To investigate the real association between the SNPs in the RTK/ERK pathway and aggressive prostate cancer, we adopted three genotype models, including dominant, recessive and additive model ( The odd ratios (OR) and corresponding 95% confidence intervals (CI) were used to evaluate the power of associations. Meanwhile, Cochran–Armitage trend test was also applied ( In addition, to discover the independent association between the RTK/ERK pathway relevant loci and aggressive prostate cancer, those SNPs in each gene with the lowest P values were collected as the covariates in the next conditional analysis ( All the associations were conducted by adjusting the parameter of age for every subject. In addition, the associations between the discovered loci and clinical parameters (especially for GS and clinical stage) were also conducted, which would help understand the loci more clearly on the level of possible pathogenesis. However, in our data, some of the PSA levels were a scope without pronounced values, which were only enough to define the aggressive and non-aggressive prostate cancer. Thus, we did not include these in this analysis to rule out potential bias. All the statistical analyses were performed using SPSS version 16.0 software (SPSS Inc., Chicago, IL, USA) and PLINK23 program. The statistical tests were two-tailed.

Gene-based pathway analysis

After testing the association at the SNP-level for aggressive and non-aggressive prostate cancer, the gene-based pathway analysis was conducted for further exploration using the adaptive rank truncated product (ARTP) method24. This method could potentially remedy the results discovered by single-SNP analysis and provide additional insights into the genetic mechanism underlying complex diseases. The analysis consisted of two steps: firstly, the standardized summary was acquired for the evidence of association between a gene and the outcome; secondly, these gene-level P-values were combined into a test statistic for the disease-pathway association. To use the method, three sets of information are needed: the genotypes of the SNPs, the phenotype for the samples, and the annotation of the SNPs. According to the manual of ARTP, the calculations were mainly divided into three steps: (1) Defining the phenotype and genotype data; (2) Calling the ARTP function; and (3) Calling the runPermutations and ARTP pathway functions. Then, in this study, the gene-based pathway association was conducted with 10,000-fold permutations to make the results more accurate. In all of the analyses, P-values were two-sided with R v2.13.2.

Association analysis of SNP genotype with gene expression

For the analysis of the association between the rs3217869 genotype and CCND2 expression levels, Kruskal–Wallis H test was applied to assess the statistical significance. Furthermore, we also used Matrix eQTL to test for the cis eQTL association between rs3217869 genotypes and CCND2 expression levels using data from Camcap cohort comprised of 119 prostate samples4, 25. The parameters “useModel = modelLINEAR”, “errorCovariance = numeric ()” were used with Matrix eQTL. R (version 3.2.2) was used to graphically visualize the association between rs3217869 genotypes and CCND2 expression levels.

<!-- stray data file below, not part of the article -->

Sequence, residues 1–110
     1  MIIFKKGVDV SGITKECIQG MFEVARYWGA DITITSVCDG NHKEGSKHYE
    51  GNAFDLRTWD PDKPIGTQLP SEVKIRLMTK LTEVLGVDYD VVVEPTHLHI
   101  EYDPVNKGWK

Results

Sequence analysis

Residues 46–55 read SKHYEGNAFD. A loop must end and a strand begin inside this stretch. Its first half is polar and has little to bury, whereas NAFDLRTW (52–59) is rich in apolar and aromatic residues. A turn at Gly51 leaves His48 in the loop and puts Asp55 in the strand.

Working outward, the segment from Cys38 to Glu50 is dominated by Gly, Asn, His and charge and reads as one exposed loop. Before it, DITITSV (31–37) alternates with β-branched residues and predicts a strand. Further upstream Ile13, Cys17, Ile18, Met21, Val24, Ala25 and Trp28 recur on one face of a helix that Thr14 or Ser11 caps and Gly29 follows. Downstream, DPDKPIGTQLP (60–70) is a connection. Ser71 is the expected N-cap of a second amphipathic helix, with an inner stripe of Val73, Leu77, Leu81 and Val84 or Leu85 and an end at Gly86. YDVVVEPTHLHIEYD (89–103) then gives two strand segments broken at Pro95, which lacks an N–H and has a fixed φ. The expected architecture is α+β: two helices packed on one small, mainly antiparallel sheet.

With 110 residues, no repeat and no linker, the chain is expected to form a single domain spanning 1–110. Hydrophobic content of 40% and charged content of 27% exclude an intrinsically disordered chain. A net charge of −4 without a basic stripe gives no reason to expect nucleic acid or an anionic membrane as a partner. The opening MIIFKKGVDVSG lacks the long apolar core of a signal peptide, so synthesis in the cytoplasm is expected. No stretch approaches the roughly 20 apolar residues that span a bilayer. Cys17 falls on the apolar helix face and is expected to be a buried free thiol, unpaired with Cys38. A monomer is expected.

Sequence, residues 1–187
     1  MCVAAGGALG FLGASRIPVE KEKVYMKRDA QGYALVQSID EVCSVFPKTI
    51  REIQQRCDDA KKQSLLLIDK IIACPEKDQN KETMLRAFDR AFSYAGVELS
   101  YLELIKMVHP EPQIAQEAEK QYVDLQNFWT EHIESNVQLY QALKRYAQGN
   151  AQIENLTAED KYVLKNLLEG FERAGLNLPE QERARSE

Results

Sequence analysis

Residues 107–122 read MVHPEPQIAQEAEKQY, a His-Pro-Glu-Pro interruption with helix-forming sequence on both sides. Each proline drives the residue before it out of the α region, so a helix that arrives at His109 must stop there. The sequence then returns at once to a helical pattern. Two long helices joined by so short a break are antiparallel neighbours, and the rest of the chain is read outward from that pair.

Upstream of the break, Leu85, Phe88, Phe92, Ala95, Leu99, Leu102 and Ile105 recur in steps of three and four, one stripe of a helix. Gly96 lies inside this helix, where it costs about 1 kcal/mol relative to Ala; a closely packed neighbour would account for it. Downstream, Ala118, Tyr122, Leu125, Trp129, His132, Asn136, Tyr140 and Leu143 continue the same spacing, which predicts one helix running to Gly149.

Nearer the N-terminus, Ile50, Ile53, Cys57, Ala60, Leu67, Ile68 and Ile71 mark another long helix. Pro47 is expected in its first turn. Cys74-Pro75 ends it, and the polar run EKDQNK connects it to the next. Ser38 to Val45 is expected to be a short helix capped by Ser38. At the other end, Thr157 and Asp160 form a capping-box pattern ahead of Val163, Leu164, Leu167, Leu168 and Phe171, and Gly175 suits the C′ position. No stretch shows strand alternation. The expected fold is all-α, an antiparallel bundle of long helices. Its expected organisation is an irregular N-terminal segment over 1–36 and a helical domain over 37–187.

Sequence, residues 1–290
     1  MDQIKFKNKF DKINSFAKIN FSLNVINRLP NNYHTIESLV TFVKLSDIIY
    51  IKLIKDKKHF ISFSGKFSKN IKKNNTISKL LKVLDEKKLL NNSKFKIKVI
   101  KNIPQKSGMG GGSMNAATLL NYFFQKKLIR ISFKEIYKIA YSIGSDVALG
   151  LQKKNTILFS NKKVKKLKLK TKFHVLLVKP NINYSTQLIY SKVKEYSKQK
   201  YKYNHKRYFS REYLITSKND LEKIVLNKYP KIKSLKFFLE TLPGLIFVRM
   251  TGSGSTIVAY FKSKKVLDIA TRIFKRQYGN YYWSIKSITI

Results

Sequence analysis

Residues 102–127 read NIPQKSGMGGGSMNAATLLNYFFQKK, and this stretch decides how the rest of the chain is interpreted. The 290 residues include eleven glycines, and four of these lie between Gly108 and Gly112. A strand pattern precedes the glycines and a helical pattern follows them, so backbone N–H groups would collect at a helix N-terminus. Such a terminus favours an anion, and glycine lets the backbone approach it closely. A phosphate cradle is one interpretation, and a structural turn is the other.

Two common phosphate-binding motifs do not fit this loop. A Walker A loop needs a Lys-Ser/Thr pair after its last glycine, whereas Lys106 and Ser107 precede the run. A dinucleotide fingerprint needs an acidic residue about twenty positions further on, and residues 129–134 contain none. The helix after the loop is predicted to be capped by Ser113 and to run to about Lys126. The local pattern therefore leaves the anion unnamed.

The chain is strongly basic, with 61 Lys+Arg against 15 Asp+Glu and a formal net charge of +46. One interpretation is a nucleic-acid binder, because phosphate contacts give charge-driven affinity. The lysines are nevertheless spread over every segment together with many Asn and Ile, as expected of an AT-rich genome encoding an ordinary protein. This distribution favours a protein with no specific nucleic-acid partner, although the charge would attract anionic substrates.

Cell lines and transfection

The prostate cancer cell lines LNCaP, PC3 and DU145 were grown in Dulbecco’s Nodified Eagle medium containing 10% fetal calf serum (FCS) and 1.2% penicillin/streptomycin (Gibco, Thermo Fisher scientific), at 37 °C and 5% CO2. Considering the expression of CCND2 was lower in LNCaP cells than DU145 and PC3 (data not shown), LNCaP cell line was selected to perform the CCND2 overexpression experiment. The full-length of human CCND2 cDNA were cloned into pcDNA3.1(+) expression vector (Life technologies, Carlsbad, CA) and the construct was verified by sequencing. pcDNA3.1-CCND2 or parental pcDNA3.1 vector were transfected into LNCaP cells using Lipofectamine 2000 (Invitrogen) according to the manufacturer’s protocol.

Western blot

For detection of CCND2 overexpression in LNCaP cells were collected with a gum rubber-scraping device, lysed with RIPA Lysis Buffer (P0013C, Beyotime Institute of Biotechnology) and protein concentration was determined using BCA assay (Thermo Scientifc, Waltham, MA, USA) according to manufacturer’s information. Subsequently, 50 μg of total protein were separated by SDS-PAGE, transferred to nitrocellulose membranes and incubated with antibodies against anti-CCND2 (dilution: 1:4000, Cell Signaling, Danvers, MA, USA). Proteins levels were normalized using Actin levels as reference.

siRNA transfection and quantitative RT-PCR

To further evaluate functional role of CCND2 in prostate cancer cell growth, we performed short interfering RNA (siRNA)-mediated knockdown assays by transfecting siRNAs against CCND2 into the DU145 cells that were seeded in 96-well palates (reverse transfection, 6pmol siRNA per well) using HiPerFect Transfection Reagent (Cat No: 301705). The siRNAs used included CCND2 siRNAs: AGGAGTGTAGTTGGATCTCTA (SI00027839); AAGAAATAGACTTGCACCTTA (SI00027853); CAGGGCCGTGCGGGACCGCAA (SI03071369) and AllStars Hs Cell Death siRNA (SI04381048) and AllStars Negative Control siRNA(SI03650318) purchased from Qiagen. We used qRT-PCR (SYBR Select Master Mix, 4472920, Applied Biosystems) to evaluate knockdown effect of the siRNAs on CCND2. Primer sequences used in this experiment are TCCTGGCCTCCAAACTCAAAG (CCND2 forward), GAGGCTTGATGGAGTTGTCG (CCND2 reverse) and AGAAAATCTGGCACCACACC (ACTB forward) and AGAGGCGTACAGGGATAGCA (ACTB reverse).